Tuesday 22 January 2013

Adam Smith and LTV.

Imagine you are Adam Smith. It's mid-18th century Britain; following the Commercial Revolution, the Industrial Revolution is in its early stages.

Madeley wood furnaces: "Coalbrookdale by Night"
(1801), by Philip James de Loutherbourg [A]

Banking and finances, centered on London, changed remarkably in the previous decades. Physical production, which lagged behind them, began, during Smith's own time, to display unusual dynamism: new production lines, technologies and occupations appear; resulting in greater abundance and variety of goods. And with these changes come new fortunes with their own interests, not necessarily coincident with the traditional ones.

Consider the economy as a machine, as Smith, influenced by Newton, must have: stuff comes out at the right end; some of it is consumed, some flows back to the left entry point; something happens inside; even more stuff pours out.

That is economic growth. And Smith, living in a transitional time, must have been acutely aware of it.

Where does it come from? Can it be sustained? How you measure output? How is it distributed?

Smith and others attempted to understand this process.

I will focus here on a single aspect of Smith's work: how to appraise output.

We do this by using market prices (hence, nominal GDP, for instance). To us, this seems natural; to do otherwise would seem odd.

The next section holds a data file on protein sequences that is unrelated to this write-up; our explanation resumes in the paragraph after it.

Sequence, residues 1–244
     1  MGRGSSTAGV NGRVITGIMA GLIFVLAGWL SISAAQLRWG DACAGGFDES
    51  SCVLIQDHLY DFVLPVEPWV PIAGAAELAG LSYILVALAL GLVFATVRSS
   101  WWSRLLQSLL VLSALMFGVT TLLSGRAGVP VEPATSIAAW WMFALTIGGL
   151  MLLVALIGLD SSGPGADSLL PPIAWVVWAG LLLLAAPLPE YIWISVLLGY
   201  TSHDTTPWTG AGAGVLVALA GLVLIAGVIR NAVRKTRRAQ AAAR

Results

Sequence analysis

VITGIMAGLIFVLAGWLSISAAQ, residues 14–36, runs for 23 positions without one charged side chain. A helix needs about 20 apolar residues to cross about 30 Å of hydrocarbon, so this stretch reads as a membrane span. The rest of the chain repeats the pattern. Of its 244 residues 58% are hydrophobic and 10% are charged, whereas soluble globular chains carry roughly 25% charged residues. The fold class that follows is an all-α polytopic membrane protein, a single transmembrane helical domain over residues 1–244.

Smith, however, initially proposed the use of labour times, instead of market prices:

"In that early and rude state of society which precedes both the accumulation of stock and the appropriation of land, the proportion between the quantities of labour necessary for acquiring different objects, seems to be the only circumstance which can afford any rule for exchanging them for one another. If among a nation of hunters, for example, it usually costs twice the labour to kill a beaver which it does to kill a deer, one beaver should naturally exchange for or be worth two deer." (The Wealth of Nations, Book I, Chapter VII)
Why would Smith make such a choice?

There might be several reasons. For one, assuming that science must be based on objectively observed facts, Smith's reasoning seems logically unassailable, at least within that hypothetical "early and rude state of society": there is no other objectively observable measure justifying any proportionality in exchange, as Smith himself remarked.

Further, if it were at all possible in that social state, it's not obvious that a modern system of market prices would do a better job.

For one, like market prices, virtually everything offered in the marketplace is there because someone, somewhere, spent time producing it. Unlike market prices, however, labour time is also spent to produce non-market goods and services (many of which are excluded from current statistics).

Indeed, in our own times the government's contribution to GDP is appraised in a way only a step removed from Smith's original proposal: it's valued at cost (i.e. other inputs, plus labour time).

More importantly, market prices are volatile (much more so than labour times) and in essence, in Smith's view, unpredictable. For Smith an invariant standard for measuring long-term economic change was important: it's not just growth that matters, but how much effort it costs to achieve it, a matter often overlooked nowadays.